Thursday, August 25, 2011

The blood is up and the hunt is on: Where is Gadhafi?

A face that could blend into a crowd
Colonel Gadhafi (another dictator who never made general) has been heard from but not seen for over a week. His compound in Tripoli has been overrun; rebels control the closest international airport and are looking furiously for him. His options are becoming fewer by the minute.

So where could Gadhafi be?

Professor Abubaker Saad, a former Gadhafi aide, on Tuesday described a system of bunkers under the Gadhafi compound in Tripoli that could serve as a hideout. However, Saad noted that NATO and the United States have fired anti-bunker bombs at the compound, so he doubted Gadhafi would hide out there. "You have to remember that he is a military man," Saad said. "He knows they have weapons that could penetrate those bunkers. That's why I'm dismissing the idea that he's still in there."

Gadhafi's recent public communications, such as a statement broadcast on radio and the reported telephone call to Russia, were audio messages to avoid detection of his whereabouts.

While no sightings of Gadhafi have been reported at the time of this writing, at least one source outside Libya -- the head of the World Chess Federation -- told Russia's Interfax news agency that he spoke by telephone with him on Tuesday. According to Kirsan Ilyumzhinov, as reported by Interfax, Gadhafi said in the phone call to him at around 10 a.m. ET that he is "alive and well in Tripoli and not going to leave Libya” (it caught my attention that he now says he will not leave Libya –until now he has been saying he will not leave Tripoli).

A U.S. official said Gadhafi is most likely still in Tripoli. There has been nothing to confirm some reports or speculation that the longtime leader has gone to his hometown of Sirte.

Observers cite three likely scenarios for Gadhafi's immediate future -- his death at the hands of rebel forces, his capture, or his escape or exile to another country. Those observers seem to dismiss the idea of him remaining “underground” and leading an insurgency. They are probably right, but I am not so sure. I think that is still a possibility.

Gadhafi and his second-eldest son, Saif al-Islam Gadhafi, are under indictment for alleged crimes against humanity by the International Criminal Court in The Hague, Netherlands. Officials at the ICC have made clear they want the Gadhafis to stand trial in The Hague, if possible. I don’t. As nice as it would be to see him tried and convicted for crimes against humanity, the Libyan people have first claim to him –and they still have the death penalty (hello Saddam).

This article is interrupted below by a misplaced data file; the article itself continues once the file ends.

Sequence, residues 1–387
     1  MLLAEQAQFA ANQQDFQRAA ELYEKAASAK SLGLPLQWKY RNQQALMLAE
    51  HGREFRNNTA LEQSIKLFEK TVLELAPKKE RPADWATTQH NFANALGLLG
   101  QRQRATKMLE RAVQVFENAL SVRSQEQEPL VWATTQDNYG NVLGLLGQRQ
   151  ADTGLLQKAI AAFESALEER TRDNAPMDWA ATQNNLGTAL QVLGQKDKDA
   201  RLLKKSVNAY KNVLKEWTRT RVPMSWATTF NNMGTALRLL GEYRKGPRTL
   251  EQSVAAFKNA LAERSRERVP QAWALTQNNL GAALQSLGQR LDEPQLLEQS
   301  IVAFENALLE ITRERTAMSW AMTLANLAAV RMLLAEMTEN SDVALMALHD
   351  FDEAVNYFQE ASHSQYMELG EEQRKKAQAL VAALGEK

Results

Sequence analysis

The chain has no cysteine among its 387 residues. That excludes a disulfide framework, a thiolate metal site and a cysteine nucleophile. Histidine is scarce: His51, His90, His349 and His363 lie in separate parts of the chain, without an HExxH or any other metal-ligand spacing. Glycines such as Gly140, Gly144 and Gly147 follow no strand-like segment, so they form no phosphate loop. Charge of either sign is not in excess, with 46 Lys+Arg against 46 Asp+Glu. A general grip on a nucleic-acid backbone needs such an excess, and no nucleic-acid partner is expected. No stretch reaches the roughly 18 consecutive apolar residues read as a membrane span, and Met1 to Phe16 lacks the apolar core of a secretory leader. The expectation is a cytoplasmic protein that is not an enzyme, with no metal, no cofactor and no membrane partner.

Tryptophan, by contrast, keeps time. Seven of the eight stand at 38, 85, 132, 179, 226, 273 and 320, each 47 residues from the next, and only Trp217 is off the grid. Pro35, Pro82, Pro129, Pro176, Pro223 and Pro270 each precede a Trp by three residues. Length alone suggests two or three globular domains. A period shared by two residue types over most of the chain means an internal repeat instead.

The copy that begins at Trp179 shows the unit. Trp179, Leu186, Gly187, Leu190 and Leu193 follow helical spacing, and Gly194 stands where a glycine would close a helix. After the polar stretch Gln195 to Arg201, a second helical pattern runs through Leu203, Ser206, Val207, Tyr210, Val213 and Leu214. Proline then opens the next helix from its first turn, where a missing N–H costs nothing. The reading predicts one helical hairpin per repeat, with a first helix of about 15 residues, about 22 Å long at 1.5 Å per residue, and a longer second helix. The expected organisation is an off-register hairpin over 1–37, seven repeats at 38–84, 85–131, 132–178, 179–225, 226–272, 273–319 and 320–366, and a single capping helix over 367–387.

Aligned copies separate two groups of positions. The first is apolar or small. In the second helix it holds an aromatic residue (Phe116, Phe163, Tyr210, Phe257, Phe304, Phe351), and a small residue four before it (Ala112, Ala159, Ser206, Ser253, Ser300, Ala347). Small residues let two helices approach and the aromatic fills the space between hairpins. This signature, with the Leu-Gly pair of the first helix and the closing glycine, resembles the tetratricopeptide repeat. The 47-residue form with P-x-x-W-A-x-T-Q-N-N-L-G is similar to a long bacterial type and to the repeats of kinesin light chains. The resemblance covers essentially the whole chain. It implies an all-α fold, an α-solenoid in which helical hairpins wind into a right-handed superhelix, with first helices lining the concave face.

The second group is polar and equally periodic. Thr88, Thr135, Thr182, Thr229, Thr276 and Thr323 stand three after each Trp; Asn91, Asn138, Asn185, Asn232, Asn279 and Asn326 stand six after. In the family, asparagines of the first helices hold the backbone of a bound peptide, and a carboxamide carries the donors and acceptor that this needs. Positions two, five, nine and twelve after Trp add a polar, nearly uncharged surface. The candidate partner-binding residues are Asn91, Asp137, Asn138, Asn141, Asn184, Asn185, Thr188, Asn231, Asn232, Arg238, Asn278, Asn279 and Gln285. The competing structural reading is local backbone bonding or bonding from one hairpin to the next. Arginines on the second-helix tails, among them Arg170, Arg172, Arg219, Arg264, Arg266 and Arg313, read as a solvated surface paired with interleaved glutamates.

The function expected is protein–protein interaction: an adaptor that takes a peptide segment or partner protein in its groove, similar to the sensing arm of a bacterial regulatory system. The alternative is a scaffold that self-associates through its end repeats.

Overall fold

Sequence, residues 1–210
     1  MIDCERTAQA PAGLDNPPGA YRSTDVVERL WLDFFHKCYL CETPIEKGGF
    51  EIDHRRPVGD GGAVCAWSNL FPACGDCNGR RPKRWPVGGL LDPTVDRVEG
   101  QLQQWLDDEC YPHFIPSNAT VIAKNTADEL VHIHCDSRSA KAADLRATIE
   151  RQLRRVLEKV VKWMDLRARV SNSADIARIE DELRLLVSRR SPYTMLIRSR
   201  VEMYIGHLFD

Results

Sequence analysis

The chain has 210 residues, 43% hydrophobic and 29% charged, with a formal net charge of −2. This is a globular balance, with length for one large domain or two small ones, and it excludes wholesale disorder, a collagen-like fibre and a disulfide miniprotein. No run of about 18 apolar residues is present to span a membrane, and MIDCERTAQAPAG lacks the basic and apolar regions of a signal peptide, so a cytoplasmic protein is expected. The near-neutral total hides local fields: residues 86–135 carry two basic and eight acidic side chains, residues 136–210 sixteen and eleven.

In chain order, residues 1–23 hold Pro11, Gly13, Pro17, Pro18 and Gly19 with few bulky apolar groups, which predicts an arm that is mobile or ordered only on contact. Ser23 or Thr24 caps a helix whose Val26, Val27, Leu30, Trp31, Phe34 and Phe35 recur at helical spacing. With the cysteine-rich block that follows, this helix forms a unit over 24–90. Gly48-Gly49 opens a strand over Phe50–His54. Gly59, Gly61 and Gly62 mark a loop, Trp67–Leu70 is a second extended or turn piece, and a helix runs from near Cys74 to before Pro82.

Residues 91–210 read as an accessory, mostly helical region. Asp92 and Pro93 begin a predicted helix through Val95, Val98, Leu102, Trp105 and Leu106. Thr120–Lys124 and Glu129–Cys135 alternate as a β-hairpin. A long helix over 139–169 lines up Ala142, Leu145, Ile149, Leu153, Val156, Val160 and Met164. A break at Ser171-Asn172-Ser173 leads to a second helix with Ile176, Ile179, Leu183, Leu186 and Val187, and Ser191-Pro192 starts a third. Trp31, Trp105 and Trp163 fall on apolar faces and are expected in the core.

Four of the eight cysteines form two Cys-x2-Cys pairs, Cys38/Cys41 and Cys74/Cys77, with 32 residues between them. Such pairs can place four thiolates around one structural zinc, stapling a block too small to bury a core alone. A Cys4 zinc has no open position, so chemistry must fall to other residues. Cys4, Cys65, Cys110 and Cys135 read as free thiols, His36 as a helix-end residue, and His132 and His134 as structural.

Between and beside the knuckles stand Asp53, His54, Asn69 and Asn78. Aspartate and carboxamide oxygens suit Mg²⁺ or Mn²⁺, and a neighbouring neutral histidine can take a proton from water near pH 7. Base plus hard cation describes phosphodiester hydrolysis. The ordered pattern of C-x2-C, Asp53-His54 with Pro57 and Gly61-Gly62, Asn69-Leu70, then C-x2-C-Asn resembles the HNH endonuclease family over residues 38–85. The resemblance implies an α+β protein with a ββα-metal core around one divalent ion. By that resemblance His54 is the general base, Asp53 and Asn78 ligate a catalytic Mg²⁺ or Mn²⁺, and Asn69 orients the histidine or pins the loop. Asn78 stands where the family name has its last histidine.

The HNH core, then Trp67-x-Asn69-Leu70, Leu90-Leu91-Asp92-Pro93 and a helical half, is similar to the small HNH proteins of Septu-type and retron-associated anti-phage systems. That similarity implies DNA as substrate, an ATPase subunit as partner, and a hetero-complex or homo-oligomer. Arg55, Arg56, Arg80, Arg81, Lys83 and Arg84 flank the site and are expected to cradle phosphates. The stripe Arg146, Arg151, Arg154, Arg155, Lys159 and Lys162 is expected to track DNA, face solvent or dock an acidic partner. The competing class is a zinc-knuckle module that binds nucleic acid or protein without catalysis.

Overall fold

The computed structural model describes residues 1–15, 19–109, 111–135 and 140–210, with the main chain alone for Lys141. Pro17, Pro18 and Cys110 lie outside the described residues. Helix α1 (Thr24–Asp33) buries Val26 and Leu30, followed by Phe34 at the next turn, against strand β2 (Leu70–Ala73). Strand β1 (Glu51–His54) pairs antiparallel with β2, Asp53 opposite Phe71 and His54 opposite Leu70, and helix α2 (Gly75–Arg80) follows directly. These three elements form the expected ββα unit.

Of course, there is a remote possibility he will escape into exile. Countries considered possible exile homes for Gadhafi include Venezuela, a rumored destination for months. Gadhafi and Venezuelan President Hugo Chavez have a close relationship forged in part by shared opposition to U.S. influence around the globe.

In 2009, Chavez was one of three world leaders to attend a lavish celebration of Gadhafi's 40 years of rule in Tripoli, along with Robert Mugabe of Zimbabwe and King Abdullah of Jordan (I bet he regrets that now). That same year a new football stadium in the now rebel-held town of Benghazi was named after the Venezuelan leader. 

On Tuesday, Chavez said his country would only recognize a Libyan government led by Gadhafi. "From here we confirm our solidarity with the Libyan people, our brother that is being assaulted and bombed ... as part of the imperial insanity," Chavez said during a meeting of government ministers in Caracas.

Zimbabwe also is considered a possible exile destination, due to common interests between Gadhafi and President Mugabe -- an interest in pan-African solidarity, a disdain for colonial influence and the ignominy of being largely shunned by the international community.

Saudi Arabia is considered a desert nation that might be more to Gadhafi's Bedouin liking. The Saudis accepted the deposed leader of Tunisia, Zine El Abidine Ben Ali, after the uprising there that helped touch off protests across the Middle East and North Africa, including Libya, this year.m However, Gadhafi's relationship with Saudi Arabia has cooled since the Saudis accused Libyans of trying to kill their king several years ago, and it would be unlikely for the desert kingdom to accept an exiled Gadhafi now.

Other nations mentioned as possible destinations for Gadhafi include Cuba, Syria and Sudan.

Where is he and what will happen to him? Your guess is as good as mine or any of these “observers and experts”. One thing is certain though: the blood is up and the hunt is on.

Live Long and Prosper....

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